HR Slow to Embrace Social Media

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Even though mobile devices, social media and the Internet have gained wider acceptance as important communication tools with job applicants and employees, these tools aren’t used consistently by most hiring managers and HR professionals who responded to a recent survey conducted by Dimensional Research.

“The world of recruiting has changed as a result of social media and mobile technology,” said Karie Willyerd, chief learning officer for SuccessFactors, which commissioned the survey. “The hiring process is no longer just about face-to-face or phone interviews. In some industries and regions, leveraging mobile, social media and online tools is a regular part of the recruiting process. Companies that don’t embrace these tools risk being left behind and losing the best job candidates.”

Hiring Woes Worldwide

SuccessFactors released the 2012 HR Beat report on Oct. 8, 2012, after analyzing survey data collected from 1,500 HR and hiring managers throughout the U.S., Australia, France, the Netherlands, Germany and the U.K. According to officials with SuccessFactors, the report’s results can help employers to identify and recruit qualified job candidates via mobile, Internet and social media technologies and retain the best-and-brightest talent by developing creative employment benefits and perks.

Another key finding in the report is that employers are having trouble recruiting and hiring internationally. Nearly 40 percent of the survey respondents reported that their organization had delayed entering new global markets because of the challenges associated with identifying and hiring skilled workers internationally.

“Companies of all sizes are operating beyond the borders of their city, their state or even their country thanks to the Internet and our truly global economy,” said Willyerd, who is co-author of The 2020 Workplace: How Innovative Companies Attract, Develop, and Keep Tomorrow’s Employees Today (Harper Collins, 2010). “This can be daunting for business leaders as every market has its own laws, business norms and customs.”

The Survey Says …

In addition, the survey posed questions regarding worker attitudes and benefits offered by employers. According to the survey respondents, employees and job applicants who belong to Generation X (ages 33-50) are the most demanding and routinely ask for higher salaries and better job titles when compared to other age groups. The survey respondents reported that Millennials (ages 32 and younger) were actually more cooperative and eager for training and development opportunities to hone their work skills and tended not to demand elevated job titles. Baby Boom workers (ages 51-66) were the least demanding and most cooperative generation in the workforce, the survey results revealed.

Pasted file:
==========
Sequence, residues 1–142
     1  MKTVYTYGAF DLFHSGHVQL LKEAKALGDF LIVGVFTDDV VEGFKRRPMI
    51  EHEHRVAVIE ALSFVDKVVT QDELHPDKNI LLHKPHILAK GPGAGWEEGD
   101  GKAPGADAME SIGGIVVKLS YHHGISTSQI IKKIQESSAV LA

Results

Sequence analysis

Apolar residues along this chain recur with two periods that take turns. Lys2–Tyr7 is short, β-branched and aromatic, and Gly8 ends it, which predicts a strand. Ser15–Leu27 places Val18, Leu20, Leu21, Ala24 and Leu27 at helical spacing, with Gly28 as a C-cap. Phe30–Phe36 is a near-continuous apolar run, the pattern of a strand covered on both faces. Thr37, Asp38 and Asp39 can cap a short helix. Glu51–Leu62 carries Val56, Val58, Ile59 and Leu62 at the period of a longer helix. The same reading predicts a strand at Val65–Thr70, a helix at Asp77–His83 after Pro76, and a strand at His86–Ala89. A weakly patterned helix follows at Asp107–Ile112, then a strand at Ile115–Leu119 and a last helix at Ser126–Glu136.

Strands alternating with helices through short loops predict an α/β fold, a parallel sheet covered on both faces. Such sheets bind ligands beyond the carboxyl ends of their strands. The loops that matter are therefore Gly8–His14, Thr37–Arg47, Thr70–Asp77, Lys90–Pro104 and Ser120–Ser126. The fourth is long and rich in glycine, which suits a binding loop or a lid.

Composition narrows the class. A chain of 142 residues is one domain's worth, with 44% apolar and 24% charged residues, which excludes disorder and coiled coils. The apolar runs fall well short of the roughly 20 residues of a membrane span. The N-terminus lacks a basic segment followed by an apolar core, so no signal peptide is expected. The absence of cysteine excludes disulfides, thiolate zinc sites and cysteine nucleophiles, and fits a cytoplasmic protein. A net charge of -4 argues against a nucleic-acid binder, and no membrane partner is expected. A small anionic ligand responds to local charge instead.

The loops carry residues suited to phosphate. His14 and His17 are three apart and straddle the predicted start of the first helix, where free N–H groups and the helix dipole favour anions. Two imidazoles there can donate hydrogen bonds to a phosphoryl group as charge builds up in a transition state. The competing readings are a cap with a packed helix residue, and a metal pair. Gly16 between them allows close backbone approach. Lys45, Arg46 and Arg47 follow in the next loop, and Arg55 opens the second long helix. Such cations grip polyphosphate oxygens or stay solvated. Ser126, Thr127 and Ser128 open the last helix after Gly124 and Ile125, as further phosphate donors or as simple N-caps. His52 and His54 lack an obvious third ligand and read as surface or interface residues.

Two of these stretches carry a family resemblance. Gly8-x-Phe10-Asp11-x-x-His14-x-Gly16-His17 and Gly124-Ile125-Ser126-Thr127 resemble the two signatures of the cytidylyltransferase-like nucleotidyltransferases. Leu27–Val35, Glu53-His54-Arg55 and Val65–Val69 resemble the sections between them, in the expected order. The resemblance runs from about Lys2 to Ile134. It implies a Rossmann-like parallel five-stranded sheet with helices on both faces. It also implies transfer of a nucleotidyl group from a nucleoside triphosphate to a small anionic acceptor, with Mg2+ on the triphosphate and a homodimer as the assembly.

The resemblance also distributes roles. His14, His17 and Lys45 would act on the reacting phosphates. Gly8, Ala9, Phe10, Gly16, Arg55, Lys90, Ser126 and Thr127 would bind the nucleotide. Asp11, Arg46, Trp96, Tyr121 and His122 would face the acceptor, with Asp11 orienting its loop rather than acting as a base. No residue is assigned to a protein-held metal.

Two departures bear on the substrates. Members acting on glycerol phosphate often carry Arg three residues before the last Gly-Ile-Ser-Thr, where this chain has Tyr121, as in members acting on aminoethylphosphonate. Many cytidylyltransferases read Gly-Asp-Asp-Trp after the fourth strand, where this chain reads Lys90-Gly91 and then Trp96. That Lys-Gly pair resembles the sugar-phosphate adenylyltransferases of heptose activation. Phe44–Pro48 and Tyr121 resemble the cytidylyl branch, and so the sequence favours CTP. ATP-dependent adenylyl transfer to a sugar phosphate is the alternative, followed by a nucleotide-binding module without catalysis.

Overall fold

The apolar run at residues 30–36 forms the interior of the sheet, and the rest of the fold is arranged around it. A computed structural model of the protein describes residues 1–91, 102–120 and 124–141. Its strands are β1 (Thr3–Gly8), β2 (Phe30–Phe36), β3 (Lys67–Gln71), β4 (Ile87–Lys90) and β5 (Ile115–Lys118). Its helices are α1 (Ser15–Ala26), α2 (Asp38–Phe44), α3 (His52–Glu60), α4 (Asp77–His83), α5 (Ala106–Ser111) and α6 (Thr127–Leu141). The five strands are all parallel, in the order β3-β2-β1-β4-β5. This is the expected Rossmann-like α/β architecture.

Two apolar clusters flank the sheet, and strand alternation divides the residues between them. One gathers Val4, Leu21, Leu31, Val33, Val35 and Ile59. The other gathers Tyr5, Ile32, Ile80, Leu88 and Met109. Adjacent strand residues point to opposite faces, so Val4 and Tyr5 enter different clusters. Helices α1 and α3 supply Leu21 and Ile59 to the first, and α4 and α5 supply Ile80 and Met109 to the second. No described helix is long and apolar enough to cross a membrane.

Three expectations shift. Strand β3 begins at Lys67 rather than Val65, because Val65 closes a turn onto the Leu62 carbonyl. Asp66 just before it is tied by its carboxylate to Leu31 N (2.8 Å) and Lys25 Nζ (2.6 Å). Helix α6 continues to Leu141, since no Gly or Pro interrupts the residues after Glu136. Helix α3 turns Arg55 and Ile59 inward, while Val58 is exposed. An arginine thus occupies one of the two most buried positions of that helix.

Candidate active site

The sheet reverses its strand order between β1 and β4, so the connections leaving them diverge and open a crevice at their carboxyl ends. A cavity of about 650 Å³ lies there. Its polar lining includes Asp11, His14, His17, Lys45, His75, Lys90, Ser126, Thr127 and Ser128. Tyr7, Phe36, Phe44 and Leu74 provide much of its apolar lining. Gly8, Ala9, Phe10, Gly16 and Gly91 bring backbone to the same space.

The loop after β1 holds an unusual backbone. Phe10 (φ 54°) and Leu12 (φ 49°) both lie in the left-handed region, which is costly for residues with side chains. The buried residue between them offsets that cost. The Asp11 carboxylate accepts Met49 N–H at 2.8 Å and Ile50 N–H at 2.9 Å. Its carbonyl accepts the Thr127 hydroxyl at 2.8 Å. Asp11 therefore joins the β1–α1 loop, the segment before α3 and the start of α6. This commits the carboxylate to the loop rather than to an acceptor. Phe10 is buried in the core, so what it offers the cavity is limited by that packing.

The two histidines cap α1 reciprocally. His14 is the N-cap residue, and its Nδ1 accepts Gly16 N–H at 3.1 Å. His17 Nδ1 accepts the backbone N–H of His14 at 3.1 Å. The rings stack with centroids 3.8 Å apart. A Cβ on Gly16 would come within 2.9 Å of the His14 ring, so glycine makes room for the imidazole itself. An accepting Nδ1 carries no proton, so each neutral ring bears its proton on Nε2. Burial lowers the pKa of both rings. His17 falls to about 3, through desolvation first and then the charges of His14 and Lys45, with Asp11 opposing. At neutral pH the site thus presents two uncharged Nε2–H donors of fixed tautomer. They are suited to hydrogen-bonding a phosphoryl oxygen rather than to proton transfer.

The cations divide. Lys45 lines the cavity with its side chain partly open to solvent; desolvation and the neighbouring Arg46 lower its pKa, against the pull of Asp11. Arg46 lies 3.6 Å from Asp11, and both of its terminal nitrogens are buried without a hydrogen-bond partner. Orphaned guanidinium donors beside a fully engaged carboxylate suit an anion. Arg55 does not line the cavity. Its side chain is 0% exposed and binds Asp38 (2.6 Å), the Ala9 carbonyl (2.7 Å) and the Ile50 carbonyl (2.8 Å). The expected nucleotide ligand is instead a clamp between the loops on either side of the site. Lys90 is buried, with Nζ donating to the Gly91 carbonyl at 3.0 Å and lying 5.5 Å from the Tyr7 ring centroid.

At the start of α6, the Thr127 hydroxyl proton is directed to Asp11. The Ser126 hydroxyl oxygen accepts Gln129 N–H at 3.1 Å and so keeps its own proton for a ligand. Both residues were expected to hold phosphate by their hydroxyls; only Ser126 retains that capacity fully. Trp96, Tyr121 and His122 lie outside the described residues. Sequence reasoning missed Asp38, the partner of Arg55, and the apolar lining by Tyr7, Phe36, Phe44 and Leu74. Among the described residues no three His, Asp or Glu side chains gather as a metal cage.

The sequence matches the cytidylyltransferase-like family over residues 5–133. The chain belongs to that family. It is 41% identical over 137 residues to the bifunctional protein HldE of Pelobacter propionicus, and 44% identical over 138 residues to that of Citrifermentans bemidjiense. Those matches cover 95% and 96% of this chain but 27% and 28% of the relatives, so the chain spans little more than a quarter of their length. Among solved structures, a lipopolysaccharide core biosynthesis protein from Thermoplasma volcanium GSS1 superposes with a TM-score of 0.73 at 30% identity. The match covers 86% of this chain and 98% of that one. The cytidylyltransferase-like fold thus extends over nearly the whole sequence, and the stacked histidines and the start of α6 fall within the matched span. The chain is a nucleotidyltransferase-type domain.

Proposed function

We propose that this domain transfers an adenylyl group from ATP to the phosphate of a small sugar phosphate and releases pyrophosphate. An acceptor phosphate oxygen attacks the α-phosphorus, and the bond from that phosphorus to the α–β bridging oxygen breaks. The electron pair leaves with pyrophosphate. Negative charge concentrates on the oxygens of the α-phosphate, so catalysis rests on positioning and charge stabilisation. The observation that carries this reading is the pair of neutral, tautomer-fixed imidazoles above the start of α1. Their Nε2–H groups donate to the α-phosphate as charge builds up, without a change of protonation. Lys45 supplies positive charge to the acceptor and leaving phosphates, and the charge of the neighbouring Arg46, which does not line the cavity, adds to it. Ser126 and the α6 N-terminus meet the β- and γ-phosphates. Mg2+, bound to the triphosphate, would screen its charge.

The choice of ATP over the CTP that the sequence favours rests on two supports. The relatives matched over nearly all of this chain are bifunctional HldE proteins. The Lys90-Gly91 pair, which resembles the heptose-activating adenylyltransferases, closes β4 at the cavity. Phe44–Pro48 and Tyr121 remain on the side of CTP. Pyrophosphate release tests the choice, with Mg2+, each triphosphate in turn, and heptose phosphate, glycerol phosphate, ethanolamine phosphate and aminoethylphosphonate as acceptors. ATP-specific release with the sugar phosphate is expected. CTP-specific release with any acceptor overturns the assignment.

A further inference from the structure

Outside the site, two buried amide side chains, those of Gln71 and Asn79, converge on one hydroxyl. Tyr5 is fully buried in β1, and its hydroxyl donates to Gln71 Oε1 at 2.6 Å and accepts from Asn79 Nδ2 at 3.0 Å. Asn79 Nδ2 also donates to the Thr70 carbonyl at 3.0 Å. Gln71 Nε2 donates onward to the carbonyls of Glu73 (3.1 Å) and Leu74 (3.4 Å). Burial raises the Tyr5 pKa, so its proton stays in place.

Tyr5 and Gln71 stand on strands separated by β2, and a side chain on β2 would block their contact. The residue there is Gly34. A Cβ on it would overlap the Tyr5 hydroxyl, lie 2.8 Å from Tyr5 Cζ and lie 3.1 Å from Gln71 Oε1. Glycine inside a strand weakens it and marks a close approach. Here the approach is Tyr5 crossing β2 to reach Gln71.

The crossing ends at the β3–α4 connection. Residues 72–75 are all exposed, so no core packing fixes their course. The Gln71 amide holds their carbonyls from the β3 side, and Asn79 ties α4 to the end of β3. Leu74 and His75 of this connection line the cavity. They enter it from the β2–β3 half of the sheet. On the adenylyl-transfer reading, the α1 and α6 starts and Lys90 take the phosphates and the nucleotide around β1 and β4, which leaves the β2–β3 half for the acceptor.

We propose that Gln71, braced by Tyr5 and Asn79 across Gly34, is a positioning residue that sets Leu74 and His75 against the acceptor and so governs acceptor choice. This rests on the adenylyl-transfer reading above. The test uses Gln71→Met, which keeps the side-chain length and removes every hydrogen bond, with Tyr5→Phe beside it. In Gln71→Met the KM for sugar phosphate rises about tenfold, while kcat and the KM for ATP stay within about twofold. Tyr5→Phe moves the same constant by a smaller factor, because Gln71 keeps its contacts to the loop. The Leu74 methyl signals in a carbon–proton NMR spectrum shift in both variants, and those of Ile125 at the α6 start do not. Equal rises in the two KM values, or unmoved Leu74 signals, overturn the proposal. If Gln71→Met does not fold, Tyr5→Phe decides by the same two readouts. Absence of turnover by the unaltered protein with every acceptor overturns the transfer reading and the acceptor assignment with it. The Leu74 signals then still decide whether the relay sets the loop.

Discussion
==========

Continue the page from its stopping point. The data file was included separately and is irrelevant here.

When it comes to the different sexes, the survey respondents reported that female employees ask for more job flexibility, while men typically ask for more monetary benefits. Still, the survey found that employees and job seekers are expecting more perks to be part of their total compensation package. Requests for additional employer-provided benefits are becoming more commonplace, according to approximately half of the respondents. According to the survey responses, the following are some of the top perks requested: time off for volunteer work (16 percent), free massages (8 percent) and laundry services (8 percent).

“The days of providing a one-size-fits-all benefits package and expecting employees to be happy are long gone,” Willyerd said. “Business leaders who recognize the importance of tailoring benefits, providing training and mentoring programs, and leveraging social media and mobile connectivity will gain competitive advantages, win the talent wars, and bridge generation gaps.”

Bill Leonard is senior writer for SHRM. To read the original article, please click here.